Here is Minnesota we are luck enough to hold an annual Gathering of traditional paddlers. Ostensibly organized by the Northern Lights Qajaq Society, this event is kept alive by the passions of a few dedicated local paddling enthusiasts. I was lucky enough to attend...read more
I recently returned from a trip to the UK. During the trip I was fortunate enough to be able to spend a couple of days afloat. The first day was spent paddling with my father in the vicinity of Plymouth Sound, enjoying the fast tides, salty water, rock gardens and...read more
Rolling a kayak is almost passé these days in Minnesota. We have more people rolling than I can ever remember. At the end of this past winter’s pool season we lined kayaks up sideways across an entire full size swimming pool and everyone (20+ people) rolled, it was...read more
I am seriously obsessed by the art and craft of Greenland style rolling. This obsession has bought me into contact with a large variety of kayaks, paddles and other gear. Greenland qajaqs, Greenland Paddles, Tuiliks, Harpoons. You name it I have tried it. Many people...read more
This past extended weekend was centered on the US holiday of Independence Day. The usual fireworks and festivities seem to have lost their original significance in America, to celebrate the Declaration of Independence from the British in 1776. Instead the 4th just...read more
Rolling a kayak consistently has a lot to do with developing good muscle memory. As we repeat the motion of a roll our body learns the sequences of muscle movements we need to execute to perform it, and we develop muscle memory. When learning a roll we inevitably fail...read more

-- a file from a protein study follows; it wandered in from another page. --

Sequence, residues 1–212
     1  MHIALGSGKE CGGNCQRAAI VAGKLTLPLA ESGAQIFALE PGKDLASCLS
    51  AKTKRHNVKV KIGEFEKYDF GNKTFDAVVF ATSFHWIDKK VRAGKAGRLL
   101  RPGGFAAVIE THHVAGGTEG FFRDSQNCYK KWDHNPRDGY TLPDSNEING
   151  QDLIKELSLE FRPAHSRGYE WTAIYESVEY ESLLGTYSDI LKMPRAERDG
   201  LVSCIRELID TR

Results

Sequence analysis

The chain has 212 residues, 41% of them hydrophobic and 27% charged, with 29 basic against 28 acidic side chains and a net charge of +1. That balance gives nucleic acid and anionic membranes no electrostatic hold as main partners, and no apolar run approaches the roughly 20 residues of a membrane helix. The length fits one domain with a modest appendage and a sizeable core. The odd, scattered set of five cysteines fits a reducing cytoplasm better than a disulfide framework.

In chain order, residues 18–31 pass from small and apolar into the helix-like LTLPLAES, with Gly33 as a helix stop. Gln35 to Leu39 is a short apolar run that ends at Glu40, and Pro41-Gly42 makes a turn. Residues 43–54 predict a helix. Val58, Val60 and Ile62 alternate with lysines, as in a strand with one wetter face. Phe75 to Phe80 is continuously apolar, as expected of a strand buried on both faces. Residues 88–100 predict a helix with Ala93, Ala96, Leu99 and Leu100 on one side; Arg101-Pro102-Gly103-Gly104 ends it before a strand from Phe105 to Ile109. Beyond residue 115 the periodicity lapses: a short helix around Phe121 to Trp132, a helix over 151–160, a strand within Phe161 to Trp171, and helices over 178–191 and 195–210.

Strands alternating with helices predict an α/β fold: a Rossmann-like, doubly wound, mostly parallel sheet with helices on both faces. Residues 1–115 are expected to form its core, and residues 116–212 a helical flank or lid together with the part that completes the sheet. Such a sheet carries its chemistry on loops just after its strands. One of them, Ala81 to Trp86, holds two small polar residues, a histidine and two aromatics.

Qajaq Rolls is dedicated to passing on the traditional art of Greenland kayaking. Greenland kayak rolling can be a relaxing, yoga-like exercise. Rolling is also a tremendously valuable self-rescue technique, and should be the go-to recovery for any serious kayaker. Greenland kayak rolls are steeped in the history of the Inuit people, whose very survival depended upon their ability to roll up and recover while hunting. But Greenland kayaking encompasses much more than just rolling, qajaq building, paddle carving, throwing the harpoon and rope gymnastics are just some of the many skills that make up this ancient subsistence culture. If you are interested in learning more about all aspects of Greenland kayaking consider supporting Qajaq USA and Qaannat Katuffiat:
Qajaq USA is a nonprofit membership organization that is officially recognized by Qaannat Kattuffiat (The Greenland Kayaking Association). Qajaq USA is committed to supporting Qaannat Kattuffiat and their efforts to preserve, study and promote the traditions and techniques of Greenland kayaking while seeking to further the appreciation and development of Greenland-style kayaking in the United States.
Please consider joining Qajaq USA and supporting the organizations efforts.
If you are looking to prepare yourself your equipment and then learn your first roll please follow this link to a series of articles put together to help people get started: Getting your first roll. Nothing beats in person training, especially one-on-one training. If you are looking for mentoring check out the Qajaq USA Events where you can become immersed in the culture of traditional paddling.
Rolling with Sticks® started as a project to document the progress I was making as I learned the different Greenland style kayak rolls. This work evolved into the water proof guidebook and DVD. The project has paid for the costs of production so I decided to make them freely available for download in English, español – Spanish and 中文 – Chinese. Please download and share them with your paddling friends, and help to promote the art of Greenland rolling.